Not Donkeying Around, George Gimarc's Laughing It Up With His Latest Radio Format
Almost four years ago, the great George Gimarc introduced us to his then-latest rock and roll alternative: a would-be syndicated format called Radio SASS, which stood for "Short Attention Span System" -- as in, no song lasted lasted longer than two minutes. Said one commenter at the time, the whittled-down hits played like "Jack on steroids"; Wired dug it too. But nobody bit.
"It's still lingering," says George. "We're still waiting for that one person to get brave and do it."
Since then, George has been engaged in a few other enterprises, none more successful than his involvement in Mike Huckabee's radio show, created with partner business partner Bill Bungeroth, a former president and CEO of Cumulus. And then there's his brand-new venture: The Donkey Comedy Network, an all-comedy format Gimarc and Bungeroth are pitching to radio stations at this very moment. (And, heads up: That link may go password-protected pronto, so if you're interested in a sample, you'd best hustle.)
The format's simple: It's all stand-up all the time, and, again, no bit runs longer than a couple of minutes. And it runs the comedic gamut -- from Woody Allen to Jerry Seinfeld to Richard Pryor to Simon King to Mitch Hedberg to Sarah Silverman ("when we can find stuff we can run -- we've got the FCC to consider, ya know") to ... well, you name it. George figures the playlist will span at least the last 50 years.
It was Bungeroth's brainchild: Recounts George, "He said, 'I've got an idea: How about a comedy radio station?' and I went, 'Hey, that sounds like a good idea.'" But the former KZEW jock and KDGE co-founder and Johnny Rotten producer is serving as operations manager. "That means I'm in charge of the width and the breadth of it," he says. "I pick the cuts, how they're edited, take care of the staff -- all those bits. I direct how this thing sounds and what hits the air."
But when does it hit the air? Depends.
Dave Van Dyke, out of Donkey Comedy Networks' Dallas offices, is currently lining up stations nationwide interested in going all-yuks. I've left a message for Van Dyke, but George said there are "tentative agreements with several stations, and they'll be firmed up in the next week or two. Or three." None are in Dallas.
Update: Van Dyke says it's still too early to talk affiliates: "We're still not out from under the cloak of silence." But, he says, "in general, I think this thing has potential. There needs to be one of these in every market. And in mid-June, that's when it'll take flight as we build an early affiliate list over the next few weeks. And I'd love to have one here. ... But it comes down to whether or not broadcasters have courage."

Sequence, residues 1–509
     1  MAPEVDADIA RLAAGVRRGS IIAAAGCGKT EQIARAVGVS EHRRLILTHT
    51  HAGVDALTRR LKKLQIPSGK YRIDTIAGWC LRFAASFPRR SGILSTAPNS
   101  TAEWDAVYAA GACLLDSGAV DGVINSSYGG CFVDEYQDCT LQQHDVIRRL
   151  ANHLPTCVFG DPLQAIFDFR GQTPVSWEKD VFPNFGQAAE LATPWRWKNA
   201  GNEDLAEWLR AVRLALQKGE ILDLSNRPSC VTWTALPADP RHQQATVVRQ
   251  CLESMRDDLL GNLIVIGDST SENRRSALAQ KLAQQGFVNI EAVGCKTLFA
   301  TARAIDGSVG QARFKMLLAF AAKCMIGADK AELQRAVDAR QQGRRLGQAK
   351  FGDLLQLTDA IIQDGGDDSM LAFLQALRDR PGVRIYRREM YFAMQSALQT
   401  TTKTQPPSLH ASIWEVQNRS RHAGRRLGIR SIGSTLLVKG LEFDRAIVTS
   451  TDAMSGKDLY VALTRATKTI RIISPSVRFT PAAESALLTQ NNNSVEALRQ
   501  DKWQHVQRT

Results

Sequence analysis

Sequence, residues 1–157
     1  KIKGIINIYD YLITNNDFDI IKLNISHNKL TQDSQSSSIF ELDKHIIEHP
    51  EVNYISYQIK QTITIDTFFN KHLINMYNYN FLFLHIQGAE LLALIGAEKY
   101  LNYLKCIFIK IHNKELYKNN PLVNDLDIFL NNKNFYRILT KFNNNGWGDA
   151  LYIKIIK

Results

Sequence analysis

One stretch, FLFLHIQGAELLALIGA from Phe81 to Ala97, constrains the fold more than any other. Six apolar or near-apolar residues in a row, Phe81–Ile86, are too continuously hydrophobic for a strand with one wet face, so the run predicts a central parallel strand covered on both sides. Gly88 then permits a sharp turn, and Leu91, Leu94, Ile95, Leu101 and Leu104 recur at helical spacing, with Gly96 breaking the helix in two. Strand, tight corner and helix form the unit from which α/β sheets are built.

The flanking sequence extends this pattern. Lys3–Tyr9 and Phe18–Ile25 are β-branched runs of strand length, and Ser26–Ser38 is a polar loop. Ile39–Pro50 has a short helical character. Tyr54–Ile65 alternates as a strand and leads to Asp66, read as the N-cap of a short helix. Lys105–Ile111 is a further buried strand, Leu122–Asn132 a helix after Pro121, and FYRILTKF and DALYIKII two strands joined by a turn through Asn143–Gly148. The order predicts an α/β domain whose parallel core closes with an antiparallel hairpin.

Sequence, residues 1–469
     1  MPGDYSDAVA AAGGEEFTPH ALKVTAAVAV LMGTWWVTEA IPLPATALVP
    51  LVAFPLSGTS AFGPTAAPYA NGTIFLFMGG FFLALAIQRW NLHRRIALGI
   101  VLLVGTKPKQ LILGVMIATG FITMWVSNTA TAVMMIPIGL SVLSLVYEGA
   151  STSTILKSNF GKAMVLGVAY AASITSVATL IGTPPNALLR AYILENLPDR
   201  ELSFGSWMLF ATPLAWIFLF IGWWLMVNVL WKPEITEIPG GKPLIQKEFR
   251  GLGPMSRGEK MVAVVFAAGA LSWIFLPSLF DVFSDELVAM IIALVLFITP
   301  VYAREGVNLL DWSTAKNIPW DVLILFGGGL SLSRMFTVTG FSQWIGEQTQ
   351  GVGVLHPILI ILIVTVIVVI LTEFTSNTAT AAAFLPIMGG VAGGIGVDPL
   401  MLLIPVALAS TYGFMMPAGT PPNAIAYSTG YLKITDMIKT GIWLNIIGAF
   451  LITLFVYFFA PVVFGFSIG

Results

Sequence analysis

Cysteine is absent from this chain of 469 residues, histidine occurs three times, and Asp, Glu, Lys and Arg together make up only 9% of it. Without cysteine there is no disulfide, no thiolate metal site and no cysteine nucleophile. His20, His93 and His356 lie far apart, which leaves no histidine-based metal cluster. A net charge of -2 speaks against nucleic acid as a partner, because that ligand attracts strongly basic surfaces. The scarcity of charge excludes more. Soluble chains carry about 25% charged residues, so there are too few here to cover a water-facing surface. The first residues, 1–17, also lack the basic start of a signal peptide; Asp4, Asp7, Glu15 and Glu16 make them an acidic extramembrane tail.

"We still have to find out who's interested," George says. "And there certainly are a lot of vulnerable radio stations out there that could use a chuckle."
At the same time, Gimarc and Bungeroth have partnered with some respectable heavy hitters to create the Comedy Exchange Association, a performing rights organization that'll do for comedy what ASCAP and BMI do for music. Meaning: The comics whose work is featured on the network will actually get paid. It "takes the business of being funny seriously," its unofficial motto.
"The stuff needs to be dealt with, so instead of letting someone else deal with it, we just said, 'Let's get it done,'" Gimarc says of the CEA.
And, sure, satellite radio has its comedy networks. But there's not one on terrestrial radio -- hasn't really ever been one. And George, bless him. remains a true believer in over-the-air radio.
"I dance with who brung me, ya know?" says George, who reminds that he just celebrated his 35th anniversary in radio (he started at WRR-AM, 1310, when he was in high school.
"I believed in the promise of satellite radio, but it's been unfulfilled," he says. "Satellite radio has yet to invent a new format -- something really new. All they've basically done is louder, bigger versions of what college radio is doing or what KERA and public radio is doing. When they tell me they have a Bob Dylan channel, well, show up! Otherwise, I could say, 'This is the Thomas Jefferson channel.' You're just as likely to hear him as Dylan. I've been misled. If they can solve the problems with Internet radio, then it'll push satellite radio and terrestrial radio into being creative again. But there are far more ears available over the air. And I go where the crowds are."
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